Thanks Max,
CH

2:10 AM  
Anonymous Miguel said...

Hi Max, very good record, power soul of a very good level, Only one request about the rips, just as a recommendation if you like.
Please try to make them at least 192, the highs are too loud and a lot of the sound quality is lost, Think that if you spend the time to make vinyl rip it's a pitty to bitrate them in a low quality. thanks for all the good music!

10:53 AM  
Blogger Max said...

Hi Miguel,
This is certainly not a low-quality bit rate--it's a variable bit rate at the highest setting available--since it's a mono recording and the average bitrate is about 134k that would be the equivalant of an average rate of about 264k for a stereo mp3. Constant bit rates are usually unecessary since they record the silences at the same rate as the sound, etc. Now it isn't the best quality recording--as I mentioned--but I think it has more to do with poor production on the record.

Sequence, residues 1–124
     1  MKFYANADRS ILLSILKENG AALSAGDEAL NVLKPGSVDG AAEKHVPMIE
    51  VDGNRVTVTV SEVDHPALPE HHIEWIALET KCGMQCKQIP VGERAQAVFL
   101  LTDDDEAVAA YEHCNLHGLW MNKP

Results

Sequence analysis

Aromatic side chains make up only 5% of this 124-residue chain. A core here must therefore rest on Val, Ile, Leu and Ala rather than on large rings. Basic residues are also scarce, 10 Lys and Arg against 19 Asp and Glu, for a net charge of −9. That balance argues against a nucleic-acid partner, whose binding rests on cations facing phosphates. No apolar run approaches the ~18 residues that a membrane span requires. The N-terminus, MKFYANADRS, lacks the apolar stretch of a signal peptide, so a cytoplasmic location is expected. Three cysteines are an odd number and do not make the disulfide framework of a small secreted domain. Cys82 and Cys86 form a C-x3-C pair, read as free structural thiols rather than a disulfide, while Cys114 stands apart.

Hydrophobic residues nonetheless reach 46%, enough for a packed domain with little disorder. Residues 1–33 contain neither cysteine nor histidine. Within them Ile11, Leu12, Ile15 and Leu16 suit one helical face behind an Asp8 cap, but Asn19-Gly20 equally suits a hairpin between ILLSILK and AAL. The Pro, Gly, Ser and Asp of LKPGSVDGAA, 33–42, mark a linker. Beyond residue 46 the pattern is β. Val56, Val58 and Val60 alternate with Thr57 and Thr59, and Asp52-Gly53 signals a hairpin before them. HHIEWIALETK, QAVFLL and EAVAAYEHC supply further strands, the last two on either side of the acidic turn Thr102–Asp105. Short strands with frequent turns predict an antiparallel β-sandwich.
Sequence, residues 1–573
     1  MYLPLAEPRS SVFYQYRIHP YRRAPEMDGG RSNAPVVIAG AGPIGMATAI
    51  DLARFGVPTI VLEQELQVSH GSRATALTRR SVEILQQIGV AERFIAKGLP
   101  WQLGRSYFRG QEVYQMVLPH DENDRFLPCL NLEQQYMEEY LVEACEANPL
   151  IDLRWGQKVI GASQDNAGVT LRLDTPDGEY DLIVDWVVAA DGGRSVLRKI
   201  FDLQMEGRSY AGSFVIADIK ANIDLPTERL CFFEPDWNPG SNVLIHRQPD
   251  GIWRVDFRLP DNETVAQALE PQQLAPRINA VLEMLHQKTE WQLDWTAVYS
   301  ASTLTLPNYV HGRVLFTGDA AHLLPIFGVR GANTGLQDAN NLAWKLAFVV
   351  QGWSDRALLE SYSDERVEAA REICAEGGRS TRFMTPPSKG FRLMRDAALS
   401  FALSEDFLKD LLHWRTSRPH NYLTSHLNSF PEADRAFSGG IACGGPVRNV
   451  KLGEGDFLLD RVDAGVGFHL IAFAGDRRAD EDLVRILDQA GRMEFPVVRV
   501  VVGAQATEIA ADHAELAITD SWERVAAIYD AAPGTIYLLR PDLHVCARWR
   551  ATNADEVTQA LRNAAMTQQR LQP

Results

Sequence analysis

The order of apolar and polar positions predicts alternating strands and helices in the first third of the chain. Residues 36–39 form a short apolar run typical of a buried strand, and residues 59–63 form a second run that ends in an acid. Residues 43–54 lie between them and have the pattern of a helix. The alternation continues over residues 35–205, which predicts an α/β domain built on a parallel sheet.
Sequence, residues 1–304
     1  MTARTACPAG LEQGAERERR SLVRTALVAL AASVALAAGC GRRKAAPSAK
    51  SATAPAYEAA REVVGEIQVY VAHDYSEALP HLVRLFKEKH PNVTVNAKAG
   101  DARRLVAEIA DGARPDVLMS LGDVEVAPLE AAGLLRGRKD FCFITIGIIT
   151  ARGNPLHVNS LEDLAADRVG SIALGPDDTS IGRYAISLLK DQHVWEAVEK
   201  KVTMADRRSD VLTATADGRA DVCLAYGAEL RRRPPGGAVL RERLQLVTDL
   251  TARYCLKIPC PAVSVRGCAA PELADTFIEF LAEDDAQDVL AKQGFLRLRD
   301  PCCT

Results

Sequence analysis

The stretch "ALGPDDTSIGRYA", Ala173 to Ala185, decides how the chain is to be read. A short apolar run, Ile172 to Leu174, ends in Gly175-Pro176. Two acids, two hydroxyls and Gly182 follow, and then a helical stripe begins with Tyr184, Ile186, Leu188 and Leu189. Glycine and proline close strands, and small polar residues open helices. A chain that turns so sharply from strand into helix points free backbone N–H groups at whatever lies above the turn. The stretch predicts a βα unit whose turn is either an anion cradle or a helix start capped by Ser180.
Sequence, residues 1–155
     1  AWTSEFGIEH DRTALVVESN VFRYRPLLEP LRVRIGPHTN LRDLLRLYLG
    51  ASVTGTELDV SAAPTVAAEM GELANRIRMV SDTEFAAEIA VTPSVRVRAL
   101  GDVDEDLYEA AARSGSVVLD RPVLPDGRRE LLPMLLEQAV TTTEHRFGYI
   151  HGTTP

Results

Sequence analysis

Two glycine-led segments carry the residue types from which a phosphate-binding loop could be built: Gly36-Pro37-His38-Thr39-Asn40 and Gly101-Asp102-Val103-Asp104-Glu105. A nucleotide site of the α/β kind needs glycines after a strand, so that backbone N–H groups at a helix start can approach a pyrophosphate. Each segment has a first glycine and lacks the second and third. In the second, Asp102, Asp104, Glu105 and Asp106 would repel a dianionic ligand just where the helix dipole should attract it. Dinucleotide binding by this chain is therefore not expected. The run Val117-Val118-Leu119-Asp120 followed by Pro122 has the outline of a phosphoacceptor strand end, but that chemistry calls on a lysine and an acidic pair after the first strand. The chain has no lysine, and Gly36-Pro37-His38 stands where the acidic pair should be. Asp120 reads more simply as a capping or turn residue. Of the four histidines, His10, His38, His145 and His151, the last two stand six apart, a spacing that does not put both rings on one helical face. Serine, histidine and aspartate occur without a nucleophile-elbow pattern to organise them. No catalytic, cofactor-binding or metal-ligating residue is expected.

11:54 AM  
Blogger Bob Klanac said...

just wanted to say how much i like your blog and the obscure rarities you unearth via thrift shops and the like. it's like a parallel history of popular music with an emphasis on those who didn't have long careers but still made interesting music. thanks for your work, much appreciated...bk

11:23 AM  
Blogger Johnny Desolation said...

Hey Max, I love your blog. I have posted a few out of print records on vinyldustbin.blogspot.com - if you are interested in reposting them on your blog, please feel free. I've got a couple of very rare folk records that I'd love to reach more people with, since they will pretty much never be re-released ever.

8:22 PM  
Blogger hooch said...

Thank you Max!

8:07 AM